To have XKCD come out with this so shortly after was just hilarious. And yes, I spammed him with a link to the comic earlier today.

     

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  6.  
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    Anonymous Coward, Oct 13th, 2008 @ 5:37pm

    no quality loss with burning and ripping - its just changing the format from the original to CD-DA and back to the final (i.e. mp3). As long as the final format has the same bitrate as the original, no quality loss, its all bits.

     

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  7.  
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    Jesse, Oct 13th, 2008 @ 5:38pm

    In the states, if you burn and copy is that considered DRM-circumvention? Is that [technically] illegal?

     

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  8.  
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    Scott Gardner (profile), Oct 13th, 2008 @ 5:40pm

    A moral difference?

    I think there's a difference between being a "criminal" because you removed DRM in order to play something you've purchased and being a "criminal" because you pirated it in the first place and never paid anyone a damn cent for it.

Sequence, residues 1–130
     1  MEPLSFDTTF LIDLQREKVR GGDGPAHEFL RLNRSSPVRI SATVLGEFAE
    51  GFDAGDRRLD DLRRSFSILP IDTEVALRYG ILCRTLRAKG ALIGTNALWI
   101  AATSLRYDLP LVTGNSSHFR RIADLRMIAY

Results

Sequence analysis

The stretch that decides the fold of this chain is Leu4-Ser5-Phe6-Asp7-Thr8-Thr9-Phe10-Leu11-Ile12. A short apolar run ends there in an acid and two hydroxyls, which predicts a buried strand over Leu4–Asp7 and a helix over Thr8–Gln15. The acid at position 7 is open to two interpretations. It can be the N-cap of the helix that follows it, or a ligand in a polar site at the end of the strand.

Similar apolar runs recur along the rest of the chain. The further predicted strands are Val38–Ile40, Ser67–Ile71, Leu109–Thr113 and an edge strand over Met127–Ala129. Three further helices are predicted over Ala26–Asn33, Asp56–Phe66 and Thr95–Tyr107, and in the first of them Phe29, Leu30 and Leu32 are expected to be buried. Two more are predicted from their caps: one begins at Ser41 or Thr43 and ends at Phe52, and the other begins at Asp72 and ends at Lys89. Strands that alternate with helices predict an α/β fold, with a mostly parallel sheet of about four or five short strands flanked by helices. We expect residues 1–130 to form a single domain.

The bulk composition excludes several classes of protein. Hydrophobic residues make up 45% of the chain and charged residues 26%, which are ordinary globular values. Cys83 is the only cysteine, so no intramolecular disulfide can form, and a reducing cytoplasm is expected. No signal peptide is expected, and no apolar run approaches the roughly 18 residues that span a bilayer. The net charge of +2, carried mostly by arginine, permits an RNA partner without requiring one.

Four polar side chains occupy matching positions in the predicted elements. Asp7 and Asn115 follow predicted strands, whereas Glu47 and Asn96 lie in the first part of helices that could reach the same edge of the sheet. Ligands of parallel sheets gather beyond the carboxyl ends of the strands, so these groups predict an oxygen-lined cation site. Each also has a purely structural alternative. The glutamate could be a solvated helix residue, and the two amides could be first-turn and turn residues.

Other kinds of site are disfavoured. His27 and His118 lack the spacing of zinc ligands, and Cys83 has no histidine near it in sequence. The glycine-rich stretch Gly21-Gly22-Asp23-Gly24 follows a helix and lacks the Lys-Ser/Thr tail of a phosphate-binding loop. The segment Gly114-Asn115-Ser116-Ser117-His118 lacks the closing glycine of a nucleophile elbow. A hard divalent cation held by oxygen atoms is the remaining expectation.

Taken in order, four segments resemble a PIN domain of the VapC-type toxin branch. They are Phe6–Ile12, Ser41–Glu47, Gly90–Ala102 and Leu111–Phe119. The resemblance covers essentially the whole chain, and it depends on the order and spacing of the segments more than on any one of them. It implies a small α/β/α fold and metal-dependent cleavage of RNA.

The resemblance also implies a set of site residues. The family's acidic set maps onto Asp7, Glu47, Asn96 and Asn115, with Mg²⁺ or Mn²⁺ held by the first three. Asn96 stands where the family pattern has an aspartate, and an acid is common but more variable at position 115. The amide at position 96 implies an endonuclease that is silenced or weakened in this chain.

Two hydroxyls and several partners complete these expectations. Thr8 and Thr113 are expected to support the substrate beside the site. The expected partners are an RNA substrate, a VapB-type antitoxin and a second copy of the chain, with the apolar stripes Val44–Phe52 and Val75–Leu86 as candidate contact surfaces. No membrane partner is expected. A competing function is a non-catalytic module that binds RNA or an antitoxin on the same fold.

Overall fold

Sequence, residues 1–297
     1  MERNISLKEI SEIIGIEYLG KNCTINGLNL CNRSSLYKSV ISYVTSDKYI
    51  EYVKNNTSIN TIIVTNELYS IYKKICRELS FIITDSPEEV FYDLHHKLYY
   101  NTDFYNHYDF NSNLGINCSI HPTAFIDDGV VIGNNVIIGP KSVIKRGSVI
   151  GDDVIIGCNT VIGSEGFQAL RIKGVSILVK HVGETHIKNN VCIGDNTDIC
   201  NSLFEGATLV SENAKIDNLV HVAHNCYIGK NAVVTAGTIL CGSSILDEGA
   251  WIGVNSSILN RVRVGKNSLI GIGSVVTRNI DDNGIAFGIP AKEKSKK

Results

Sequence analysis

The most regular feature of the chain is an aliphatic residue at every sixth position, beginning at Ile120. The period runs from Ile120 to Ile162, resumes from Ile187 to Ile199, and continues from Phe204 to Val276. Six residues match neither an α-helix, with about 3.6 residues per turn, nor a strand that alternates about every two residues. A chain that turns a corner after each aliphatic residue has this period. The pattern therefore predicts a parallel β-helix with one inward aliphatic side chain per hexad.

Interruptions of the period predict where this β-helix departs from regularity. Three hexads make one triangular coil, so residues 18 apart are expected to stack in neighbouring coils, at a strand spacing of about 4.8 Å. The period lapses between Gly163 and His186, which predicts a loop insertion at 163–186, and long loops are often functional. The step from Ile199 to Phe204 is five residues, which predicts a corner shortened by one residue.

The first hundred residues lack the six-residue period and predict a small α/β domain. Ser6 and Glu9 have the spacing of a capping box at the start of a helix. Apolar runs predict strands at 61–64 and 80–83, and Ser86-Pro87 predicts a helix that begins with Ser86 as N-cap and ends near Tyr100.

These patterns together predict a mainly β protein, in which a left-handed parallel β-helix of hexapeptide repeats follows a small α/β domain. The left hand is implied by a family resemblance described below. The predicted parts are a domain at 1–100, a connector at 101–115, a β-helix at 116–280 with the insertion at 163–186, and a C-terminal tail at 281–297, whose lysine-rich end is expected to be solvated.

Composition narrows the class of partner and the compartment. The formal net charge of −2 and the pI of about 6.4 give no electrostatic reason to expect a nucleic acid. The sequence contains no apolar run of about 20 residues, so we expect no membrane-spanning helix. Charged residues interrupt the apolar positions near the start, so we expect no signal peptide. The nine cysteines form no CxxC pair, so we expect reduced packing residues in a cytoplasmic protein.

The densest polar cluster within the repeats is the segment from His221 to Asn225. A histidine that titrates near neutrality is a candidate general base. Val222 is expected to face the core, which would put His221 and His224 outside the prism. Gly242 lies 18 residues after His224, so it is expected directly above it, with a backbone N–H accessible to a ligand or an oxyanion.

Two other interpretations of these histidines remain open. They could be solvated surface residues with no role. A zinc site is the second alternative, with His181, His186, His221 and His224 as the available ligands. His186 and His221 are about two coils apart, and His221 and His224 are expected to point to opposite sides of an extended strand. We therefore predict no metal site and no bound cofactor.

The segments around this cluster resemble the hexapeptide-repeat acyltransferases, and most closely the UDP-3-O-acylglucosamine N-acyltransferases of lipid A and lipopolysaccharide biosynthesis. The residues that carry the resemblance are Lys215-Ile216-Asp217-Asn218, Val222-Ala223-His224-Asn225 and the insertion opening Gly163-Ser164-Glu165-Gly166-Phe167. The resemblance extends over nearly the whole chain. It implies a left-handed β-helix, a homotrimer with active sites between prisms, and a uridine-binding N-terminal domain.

Saying that you might as well "pirate stuff in the first place" because of the future *possibility* of having to remove the DRM in order to play it is a bit of a stretch.

     

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  9.  
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    Stephen Finch, Oct 13th, 2008 @ 5:42pm

    Burning and Ripping

    In response to #6: That would be the case, if you had originally downloaded in a lossless format, and were re-ripping into a lossless format. Unfortunately, unless you are ripping your burned CD with EXACTLY the same encoder it was originally created with, it WILL have some slight quality loss. It may not be enough for the untrained(?) ear to detect, but it's there, and it's unacceptable.

     

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  10.  
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    tim, Oct 13th, 2008 @ 5:49pm

    Re: You can get around it in iTunes

    wow cause thats not missing the point of digital downloads at all. The whole idea is that its meant to be so much easier for people.

     

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  11.  
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    some old guy, Oct 13th, 2008 @ 5:50pm

    Re: A moral difference?

    I think there's a difference between being a "criminal" because you removed DRM in order to play something you've purchased and being a "criminal" because you pirated it in the first place and never paid anyone a damn cent for it.

    Right, circumventing DRM makes you a class C felon, while copying an audiobook without paying for it gets you a civil lawsuit (and no criminal charges at all).

    Ya, I'd say that is a big difference indeed.